Thanks very much…I know it sounds stupid, but I kept looking for/in the wrong place/stylesheet for this! I thought it was an IntenseDebate problem, but it was in the theme's CSS.

          Thanks very much!


  4. RatSurv
    June 7th, 2011 at 13:56 | #7


    Great point. I don't think you need to be a "coder" to successfully automate, but to your comment of a central repository, I was talking to the guys from OpsCode about launching a community effort focused around recipes/cookbooks for Chef specifically for security components of well known products. I need to kick that discussion back up (/ht to Adrian Cole with whom I originally had this discussion two years ago at Glue)

  5. gray
    June 9th, 2011 at 17:04 | #8

    Chris – RSS feed has disappeared? Can't seem to find one that updates to primary blog. Help pls.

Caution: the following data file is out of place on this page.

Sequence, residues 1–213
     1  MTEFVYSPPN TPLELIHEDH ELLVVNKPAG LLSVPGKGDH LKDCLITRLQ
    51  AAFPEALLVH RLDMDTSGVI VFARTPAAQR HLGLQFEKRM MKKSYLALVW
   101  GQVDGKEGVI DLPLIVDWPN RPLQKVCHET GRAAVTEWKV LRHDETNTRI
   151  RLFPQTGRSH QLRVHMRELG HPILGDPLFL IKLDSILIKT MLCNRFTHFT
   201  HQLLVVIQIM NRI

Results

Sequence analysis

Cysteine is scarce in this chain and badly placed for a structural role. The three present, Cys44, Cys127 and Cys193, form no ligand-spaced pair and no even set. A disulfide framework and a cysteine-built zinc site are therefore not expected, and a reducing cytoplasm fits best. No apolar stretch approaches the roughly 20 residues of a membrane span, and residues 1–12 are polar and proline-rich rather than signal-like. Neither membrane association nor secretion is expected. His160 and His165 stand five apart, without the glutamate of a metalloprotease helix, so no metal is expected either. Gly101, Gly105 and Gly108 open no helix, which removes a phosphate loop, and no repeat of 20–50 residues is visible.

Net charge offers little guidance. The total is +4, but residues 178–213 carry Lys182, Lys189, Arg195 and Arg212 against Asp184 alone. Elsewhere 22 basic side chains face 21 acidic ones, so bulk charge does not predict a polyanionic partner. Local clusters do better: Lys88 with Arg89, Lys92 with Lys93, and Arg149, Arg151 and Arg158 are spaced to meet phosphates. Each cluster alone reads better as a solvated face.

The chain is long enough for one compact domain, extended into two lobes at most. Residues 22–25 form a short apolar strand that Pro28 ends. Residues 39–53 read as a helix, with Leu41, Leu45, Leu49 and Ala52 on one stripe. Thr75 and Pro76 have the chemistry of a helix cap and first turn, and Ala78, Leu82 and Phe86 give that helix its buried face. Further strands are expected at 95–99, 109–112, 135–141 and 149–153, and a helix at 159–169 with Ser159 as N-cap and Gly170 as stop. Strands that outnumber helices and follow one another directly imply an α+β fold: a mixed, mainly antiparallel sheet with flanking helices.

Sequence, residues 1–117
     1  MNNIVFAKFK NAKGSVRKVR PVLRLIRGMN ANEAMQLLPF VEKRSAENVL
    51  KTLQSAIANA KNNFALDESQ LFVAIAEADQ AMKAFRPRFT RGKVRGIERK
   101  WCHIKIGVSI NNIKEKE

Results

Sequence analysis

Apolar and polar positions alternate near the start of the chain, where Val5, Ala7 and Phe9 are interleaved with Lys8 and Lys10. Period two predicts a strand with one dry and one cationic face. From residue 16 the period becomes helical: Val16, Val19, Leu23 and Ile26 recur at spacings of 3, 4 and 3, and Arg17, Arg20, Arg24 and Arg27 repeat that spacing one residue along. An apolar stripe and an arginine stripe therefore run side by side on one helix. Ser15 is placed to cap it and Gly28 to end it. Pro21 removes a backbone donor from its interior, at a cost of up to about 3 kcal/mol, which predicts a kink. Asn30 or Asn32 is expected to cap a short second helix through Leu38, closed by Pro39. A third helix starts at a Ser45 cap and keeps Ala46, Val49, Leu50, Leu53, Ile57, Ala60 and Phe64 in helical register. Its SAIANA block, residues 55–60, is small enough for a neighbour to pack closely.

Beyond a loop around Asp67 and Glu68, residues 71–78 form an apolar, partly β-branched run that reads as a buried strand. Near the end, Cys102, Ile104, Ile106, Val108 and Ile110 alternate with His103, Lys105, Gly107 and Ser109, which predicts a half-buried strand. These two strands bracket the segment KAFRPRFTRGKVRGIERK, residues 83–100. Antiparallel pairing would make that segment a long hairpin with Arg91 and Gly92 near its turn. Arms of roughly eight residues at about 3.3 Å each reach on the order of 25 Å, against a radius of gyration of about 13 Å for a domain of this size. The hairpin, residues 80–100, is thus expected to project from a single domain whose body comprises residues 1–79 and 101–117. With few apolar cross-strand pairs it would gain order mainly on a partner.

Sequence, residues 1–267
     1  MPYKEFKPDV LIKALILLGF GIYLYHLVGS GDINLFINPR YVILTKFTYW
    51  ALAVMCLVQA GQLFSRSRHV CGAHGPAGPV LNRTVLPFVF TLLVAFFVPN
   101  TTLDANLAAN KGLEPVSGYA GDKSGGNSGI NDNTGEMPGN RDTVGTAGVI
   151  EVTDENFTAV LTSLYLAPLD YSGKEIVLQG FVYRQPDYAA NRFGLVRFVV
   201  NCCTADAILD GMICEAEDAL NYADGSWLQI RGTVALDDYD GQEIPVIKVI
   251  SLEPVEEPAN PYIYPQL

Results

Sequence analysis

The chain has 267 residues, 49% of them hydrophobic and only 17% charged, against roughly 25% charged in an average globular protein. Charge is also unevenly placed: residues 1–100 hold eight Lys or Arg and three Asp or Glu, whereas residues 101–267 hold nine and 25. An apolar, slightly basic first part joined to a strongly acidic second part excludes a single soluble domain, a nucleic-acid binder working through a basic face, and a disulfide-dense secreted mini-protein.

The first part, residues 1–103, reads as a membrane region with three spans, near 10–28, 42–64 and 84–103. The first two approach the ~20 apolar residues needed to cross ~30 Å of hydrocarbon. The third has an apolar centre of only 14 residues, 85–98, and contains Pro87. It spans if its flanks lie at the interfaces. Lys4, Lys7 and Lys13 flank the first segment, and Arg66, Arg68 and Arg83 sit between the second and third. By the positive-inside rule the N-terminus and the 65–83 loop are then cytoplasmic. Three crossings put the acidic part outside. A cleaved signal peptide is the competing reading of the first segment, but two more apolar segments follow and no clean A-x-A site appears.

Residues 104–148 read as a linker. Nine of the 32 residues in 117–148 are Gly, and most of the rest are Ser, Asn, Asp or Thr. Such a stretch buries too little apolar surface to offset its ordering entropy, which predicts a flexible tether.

6. June 13th, 2011 at 11:22 | #10

    Glad to be of service! VMware has committed to improving their vShield API over time to offer even more functionality, which is great news for security vendors such as ourselves who want to further leverage VMware integration.

    For those who are interested in integration with vSphere in general (not just vShield), there is an open source API called VMware Infrastructure Java API available at http://vijava.sf.net. The API abstracts the vSphere Web Services SDK to make it easier to work with. You can use any language that leverages the JVM such as jRuby, Scala, jython, etc.

    The API author Steve Jin has a site at http://www.doublecloud.org with lots of good coding examples. He's also written a book called "VMware VI and vSphere SDK: Managing the VMware Infrastructure and vSphere". I highly recommend it!